Op-Ed: the silent housing crisis in Saint John

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This article was written in collaboration with UNBSJ student, Cassandra Evans-Ketch. The Baron was given permission to publish names and addresses by the interviewee.

Housing has been a hot topic in Canada, particularly in New Brunswick, for as long as I can remember.

ACORN NB/Website

It has recently become an even more acute issue for Canadians and will likely be a key campaign point come election time, both federally and provincially.

Generally, and quite rightly, the conversation centres around affordable housing. However, here, we will discuss a different, albeit intimately related, issue: the quality and maintenance of rental properties.

While these issues may seem vastly different, you cannot talk about affordable housing without including rented housing in the conversation.

As I am sure many are aware, renting can be an arduous process with many considerations. Housing affordability is at the top of the list, but safety, security and comfort are also usually considered priorities. So, let’s discuss the people, specifically the companies that have undertaken the provision of rental properties. 

Let’s reflect

Now, dear reader, I have a task for you. Stifle your groans and stay with me, for it is a simple task; ask anyone you know if they have had a bad experience with rental housing. Next, ask if a property management company managed that apartment, and ask which company.

Now, dear reader, did you hear horror stories of pest control issues and health and safety hazards?

I, personally, would bet that you did. These are rhetorical questions, and I am making some assumptions here, but I am basing them on the account I was supplied with for this article.

The story of Cassandra Evans-Ketch

Speaking of, from here on out, we will be exploring the experience of my colleague who inspired this piece, Cassandra Evans-Ketch. Cassandra had a troubling encounter with a local property management company in New Brunswick, Canada Homes For Rent.

In the interest of full disclosure, I should state that I have personally had a bad experience with this company, so my own opinions of them do have a bias.

The short version of my story is that I rented an apartment across the hall from one with bedbugs; I was never informed and only found out when management placed notices on all the tenant’s doors a week after I moved in.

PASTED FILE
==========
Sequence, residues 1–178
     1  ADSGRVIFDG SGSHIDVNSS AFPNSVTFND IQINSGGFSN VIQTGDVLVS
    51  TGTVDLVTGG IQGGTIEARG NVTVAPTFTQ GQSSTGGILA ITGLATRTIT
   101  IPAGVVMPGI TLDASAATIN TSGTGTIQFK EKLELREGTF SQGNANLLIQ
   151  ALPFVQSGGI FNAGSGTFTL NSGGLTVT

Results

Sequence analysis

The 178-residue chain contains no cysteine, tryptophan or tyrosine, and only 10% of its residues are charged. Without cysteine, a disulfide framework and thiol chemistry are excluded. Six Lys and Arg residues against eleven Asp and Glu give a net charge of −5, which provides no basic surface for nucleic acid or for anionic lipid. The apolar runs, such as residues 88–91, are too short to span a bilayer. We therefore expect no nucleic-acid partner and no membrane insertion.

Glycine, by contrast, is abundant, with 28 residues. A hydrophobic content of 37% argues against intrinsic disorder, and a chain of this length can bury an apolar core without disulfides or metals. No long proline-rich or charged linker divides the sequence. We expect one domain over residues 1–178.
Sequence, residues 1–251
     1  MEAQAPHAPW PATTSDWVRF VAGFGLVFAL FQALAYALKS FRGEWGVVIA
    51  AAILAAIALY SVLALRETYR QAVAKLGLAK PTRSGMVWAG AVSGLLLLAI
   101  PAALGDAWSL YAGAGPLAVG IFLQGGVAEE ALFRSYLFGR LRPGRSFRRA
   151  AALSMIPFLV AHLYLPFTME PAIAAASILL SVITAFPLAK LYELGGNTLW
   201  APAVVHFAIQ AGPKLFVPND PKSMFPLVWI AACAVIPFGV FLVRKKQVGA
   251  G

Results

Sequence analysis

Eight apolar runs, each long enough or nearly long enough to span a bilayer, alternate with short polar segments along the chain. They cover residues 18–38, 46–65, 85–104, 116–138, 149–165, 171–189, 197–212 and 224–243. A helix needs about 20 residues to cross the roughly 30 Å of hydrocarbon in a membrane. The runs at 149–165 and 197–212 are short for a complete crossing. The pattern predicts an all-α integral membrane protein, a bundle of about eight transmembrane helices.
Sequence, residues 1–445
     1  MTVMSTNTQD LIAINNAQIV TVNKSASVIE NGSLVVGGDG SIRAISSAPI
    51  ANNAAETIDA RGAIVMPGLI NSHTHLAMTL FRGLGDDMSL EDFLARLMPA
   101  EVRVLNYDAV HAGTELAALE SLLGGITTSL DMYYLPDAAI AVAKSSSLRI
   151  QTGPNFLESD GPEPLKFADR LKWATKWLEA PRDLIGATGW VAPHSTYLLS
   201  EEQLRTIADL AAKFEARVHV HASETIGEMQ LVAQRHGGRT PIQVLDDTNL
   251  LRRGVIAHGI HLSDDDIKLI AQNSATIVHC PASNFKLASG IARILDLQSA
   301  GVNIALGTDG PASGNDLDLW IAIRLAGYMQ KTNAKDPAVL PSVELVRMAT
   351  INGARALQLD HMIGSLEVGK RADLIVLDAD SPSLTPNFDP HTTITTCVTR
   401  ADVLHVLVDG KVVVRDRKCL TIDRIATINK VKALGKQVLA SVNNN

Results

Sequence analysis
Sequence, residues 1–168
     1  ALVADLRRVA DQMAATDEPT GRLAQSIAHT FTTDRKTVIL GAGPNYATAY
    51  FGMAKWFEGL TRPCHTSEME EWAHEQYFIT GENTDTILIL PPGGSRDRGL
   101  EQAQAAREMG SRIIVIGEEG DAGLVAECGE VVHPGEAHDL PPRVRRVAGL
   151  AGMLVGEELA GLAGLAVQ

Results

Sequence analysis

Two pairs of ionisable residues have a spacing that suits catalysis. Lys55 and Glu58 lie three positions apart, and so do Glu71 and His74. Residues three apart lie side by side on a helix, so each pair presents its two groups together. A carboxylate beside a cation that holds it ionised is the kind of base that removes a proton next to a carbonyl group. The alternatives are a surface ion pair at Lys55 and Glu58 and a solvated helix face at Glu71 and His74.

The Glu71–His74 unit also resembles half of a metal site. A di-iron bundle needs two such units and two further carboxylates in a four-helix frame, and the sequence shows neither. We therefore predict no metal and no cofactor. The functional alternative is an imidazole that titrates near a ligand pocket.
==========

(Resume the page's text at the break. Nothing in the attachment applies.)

I ended up getting another apartment and did not have much pushback on getting my damage deposit back. However, Cassandra has a horror story that mine does not compare to. 


Cassandra and her partner were looking for a place for this month, September 2022. They found a three-bedroom place in the North End of Saint John. It was close to work and school, had the space they needed, and, crucially, was within budget.

The apartment is at 12 Kennedy Place in the old North End, sometimes known as Indiantown.

12 Kennedy Place advertisment. Zumper/Website

The couple viewed the apartment on August 25 with the president of Canada Homes for Rent, Jeff Murray. However, they were required to complete a post-dated pre-occupancy inspection form before inspecting the unit thoroughly.

They were also required to pay the damage deposit and the first month prior to inspecting the place.

Cassandra and her partner felt uneasy about this process but ultimately decided to go ahead and look at the unit because they required housing and didn’t have the luxury of time.

On August 25, the day of their first viewing, the previous tenant was still occupying the unit, which limited Cassandra and her partner’s ability to adequately inspect the property.

Cassandra noted that with the tenant still living in the building, it was difficult and awkward to look around, so they did not “dig around too much.” She also commented that all the unit doors were left open upon their arrival. After getting the keys, she discovered that the doors did not close adequately because the building had shifted so much over the years.

At this point, it is essential to note that Jeff did not mention any pest issue and certainly nothing about rats. 

On September 1, Cassandra got the keys to the apartment and went in to do a proper, thorough inspection and a deep cleaning of the property before moving in.

At no point did anyone from Canada Homes for Rent offer to walk through the apartment with them. During this cleaning, she noted the telltale signs of a rodent infestation which eventually led her to a shelf in the bathroom.

Initial concerns

(Cassandra Evans-Ketch/Signs of a rodent infestation)

Upon closer inspection, she realized that the bottom shelf could be moved, and when she lifted it, she found an active rat nest. Cassandra has asthma, and as a fellow person with asthma (however mild) myself, I can’t imagine the reaction it would have caused.

According to Cassandra and her partner, upon removing that shelf, she immediately had to vacate the premises because of an impending asthma attack.

Upon closer inspection, the couple found that rats had infested the property. They also found evidence of furnace fumes finding their way into the living space and an ant infestation.

Termination of lease

Cassandra and her partner immediately called and emailed the Canada Homes for Rent team, who, while being pleasant, were unhelpful in resolving their issues. The couple decided that this apartment was no longer an option and immediately gave notice to terminate the newly signed lease without ever spending a night in their apartment.